We lock away the children, even their images. And it’s not just our fear for their safety. Kids disappeared from their traditional play space, the street, long before the paedo-panic. No, it was the car, and not even the moving ones. Just tell a kid s/he can go outside and kick a ball by the parked cars and wait for the street lynch-mob, or the at a police car zooming to stop anti-social behaviour ….

    Not seen, as well as not heard.

  5. Teacher Talks Teacher Talks says:

    Thanks for reading and taking the time to comment KMQ. There isn’t a ‘law’ which requires your local school to do this, so there is nothing to be ’scrapped’. I’d ask to see the Head, explain your concerns and, if they say they have to have this policy because of a law, ask to see it (they’ll struggle at this point!). There is no reason whatsoever for a child to be left upset or in distress – the school has a bad policy.

  6. LKMco LKMco says:

    Excellent post, reminds me of the priceless moment during the pre-election leaders’ debates when Cameron announced that teachers should be allowed to search pupils for weapons.
    Some say the problem is that rights aren’t clear but one of the unions (NASUWT I think) actually produced an incredibly clear leaflet for all teachers on “your rights” !

    Twitter: @LKMco

  7. [...] Classic Gove as he panders to his Daily Mail audience and scraps a rule that doesn’t exist. [...]

  8. Paul Clarke Paul Clarke says:

    I’ve tried that civil “show me the law” line – over an issue of photographing a steel band at the school fair (I’m a photographer, it was very visual, and I thought the point of doing public shows was to, erm, be seen…)

    It’s easier said than done. In the real world, the head retrenches into “it’s just the way we do it, our staff, children [and governors] are all happy with it” etc. etc.

    There is no meek rolling over. There is certainly no ’struggling’ or embarrassment. It would be nice if there were.

    What there is is a nasty accelerating tension between teacher and parent that dogs the rest of the schooling relationship and marks you as a troublemaker. If only rationality played any part in this, but I’m afraid in the real world, it doesn’t.

  9. Teacher Talks Teacher Talks says:

    Thanks for your comment, seems like you have fallen foul of some pretty daft decisions. That said, my experience is different to yours – parents happily snap away at sports day for example, and I don’t recognise anything approaching a ‘nasty tension’ between teacher and parent. Far from it.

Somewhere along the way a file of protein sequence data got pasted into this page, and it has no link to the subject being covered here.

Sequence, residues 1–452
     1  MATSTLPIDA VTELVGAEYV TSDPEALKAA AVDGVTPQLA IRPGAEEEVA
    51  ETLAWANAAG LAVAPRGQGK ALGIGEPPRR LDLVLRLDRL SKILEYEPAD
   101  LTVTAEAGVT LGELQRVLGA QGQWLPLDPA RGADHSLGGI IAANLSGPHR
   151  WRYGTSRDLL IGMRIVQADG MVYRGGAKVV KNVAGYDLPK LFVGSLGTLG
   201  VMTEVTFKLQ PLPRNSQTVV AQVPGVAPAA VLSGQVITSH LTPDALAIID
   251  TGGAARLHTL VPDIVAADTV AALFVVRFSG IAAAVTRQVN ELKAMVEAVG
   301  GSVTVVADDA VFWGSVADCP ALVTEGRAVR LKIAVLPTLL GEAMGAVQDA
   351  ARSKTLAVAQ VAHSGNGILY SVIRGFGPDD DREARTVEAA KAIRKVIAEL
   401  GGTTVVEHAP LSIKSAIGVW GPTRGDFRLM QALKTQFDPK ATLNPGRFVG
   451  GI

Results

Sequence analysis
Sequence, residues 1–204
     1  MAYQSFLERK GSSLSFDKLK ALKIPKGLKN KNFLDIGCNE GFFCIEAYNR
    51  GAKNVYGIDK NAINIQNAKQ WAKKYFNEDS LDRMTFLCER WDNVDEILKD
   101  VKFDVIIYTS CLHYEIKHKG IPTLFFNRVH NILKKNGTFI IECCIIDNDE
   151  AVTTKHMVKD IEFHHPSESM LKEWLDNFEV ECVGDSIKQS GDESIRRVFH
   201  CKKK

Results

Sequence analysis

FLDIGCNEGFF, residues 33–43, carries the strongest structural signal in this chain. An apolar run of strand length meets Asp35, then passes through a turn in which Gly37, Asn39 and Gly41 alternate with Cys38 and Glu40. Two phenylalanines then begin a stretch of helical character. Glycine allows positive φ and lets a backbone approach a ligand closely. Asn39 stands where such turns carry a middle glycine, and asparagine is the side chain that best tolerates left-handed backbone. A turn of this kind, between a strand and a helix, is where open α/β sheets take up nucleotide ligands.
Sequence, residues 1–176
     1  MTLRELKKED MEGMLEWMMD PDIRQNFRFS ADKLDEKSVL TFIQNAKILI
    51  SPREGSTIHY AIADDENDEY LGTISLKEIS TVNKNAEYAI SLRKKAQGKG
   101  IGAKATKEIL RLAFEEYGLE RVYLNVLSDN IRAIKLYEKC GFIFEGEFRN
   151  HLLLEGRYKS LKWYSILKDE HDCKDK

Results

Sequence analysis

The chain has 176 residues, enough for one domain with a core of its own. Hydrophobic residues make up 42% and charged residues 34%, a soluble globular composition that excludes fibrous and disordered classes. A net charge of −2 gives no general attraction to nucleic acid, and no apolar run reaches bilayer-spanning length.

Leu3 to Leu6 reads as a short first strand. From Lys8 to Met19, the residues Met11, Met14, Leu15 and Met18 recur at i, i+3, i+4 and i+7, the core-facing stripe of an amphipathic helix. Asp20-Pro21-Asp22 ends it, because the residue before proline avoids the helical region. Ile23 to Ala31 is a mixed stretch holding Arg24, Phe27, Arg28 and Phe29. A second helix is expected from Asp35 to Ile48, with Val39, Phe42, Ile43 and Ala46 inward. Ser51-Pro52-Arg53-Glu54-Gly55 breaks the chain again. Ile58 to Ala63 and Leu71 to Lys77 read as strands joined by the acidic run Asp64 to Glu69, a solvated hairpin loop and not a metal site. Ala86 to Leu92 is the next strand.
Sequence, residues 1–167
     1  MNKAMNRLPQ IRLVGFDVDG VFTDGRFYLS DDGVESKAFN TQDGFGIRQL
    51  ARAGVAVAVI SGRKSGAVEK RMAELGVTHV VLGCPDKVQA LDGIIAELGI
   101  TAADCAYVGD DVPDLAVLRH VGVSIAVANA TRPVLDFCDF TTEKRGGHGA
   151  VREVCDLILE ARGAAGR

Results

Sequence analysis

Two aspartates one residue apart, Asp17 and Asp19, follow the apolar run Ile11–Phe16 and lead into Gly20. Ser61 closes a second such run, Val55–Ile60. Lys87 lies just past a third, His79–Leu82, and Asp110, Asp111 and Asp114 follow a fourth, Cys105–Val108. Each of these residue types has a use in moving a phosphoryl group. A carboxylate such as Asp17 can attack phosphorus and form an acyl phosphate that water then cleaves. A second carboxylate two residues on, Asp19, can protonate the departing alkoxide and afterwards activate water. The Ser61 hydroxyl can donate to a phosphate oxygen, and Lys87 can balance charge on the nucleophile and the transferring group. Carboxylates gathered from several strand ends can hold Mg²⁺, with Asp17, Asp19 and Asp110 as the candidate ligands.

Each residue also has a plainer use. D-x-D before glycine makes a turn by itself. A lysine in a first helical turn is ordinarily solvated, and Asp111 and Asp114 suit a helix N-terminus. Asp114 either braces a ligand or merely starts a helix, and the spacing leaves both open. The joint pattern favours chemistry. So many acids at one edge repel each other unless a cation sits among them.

Getting back to my original post, it’s interesting to see Gove again attempting to play the ‘discipline’ card in a way that doesn’t quite stand up to scrutiny – here he is announcing powers that a) already exist and b) are a bit meaningless anyway:

  10. [...] Gove scraps rule that doesn’t exist, says blogger Teacher Talks [...]

  11. [...] also wants it so that the rule saying teachers must not touch kids is scrapped.  I ask what rule? That sounds to me more like political point [...]

  12. Matt Matt says:

    Late to this, but you’re refuting something he didn’t clearly say.

    Gove, according to the Beeb:

    “There are a number of schools that have ‘no touch’ policies and we are going to make clear this rule does not apply.”

    There are some things to be scrapped – the local policies in place in various places.

  13. Teacher Talks Teacher Talks says:

    Matt – thanks for your comment. That’s exactly the issue though – there are some local policies in place: nothing that Gove himself can ’scrap’. This is about Gove sounding ‘tough’, playing to a Daily Mail audience who like to believe our schools are in complete chaos, children’s rights are out of control and, as a result, teachers are hapless observers. As there isn’t a current law or central guidance which dictates a ‘no touch’ policy his plan to remove the policy is a bit meaningless, particularly when the whole thrust of his education policy is supposed to be about schools having more freedom for central guidance and control. It’s posturing, not policy.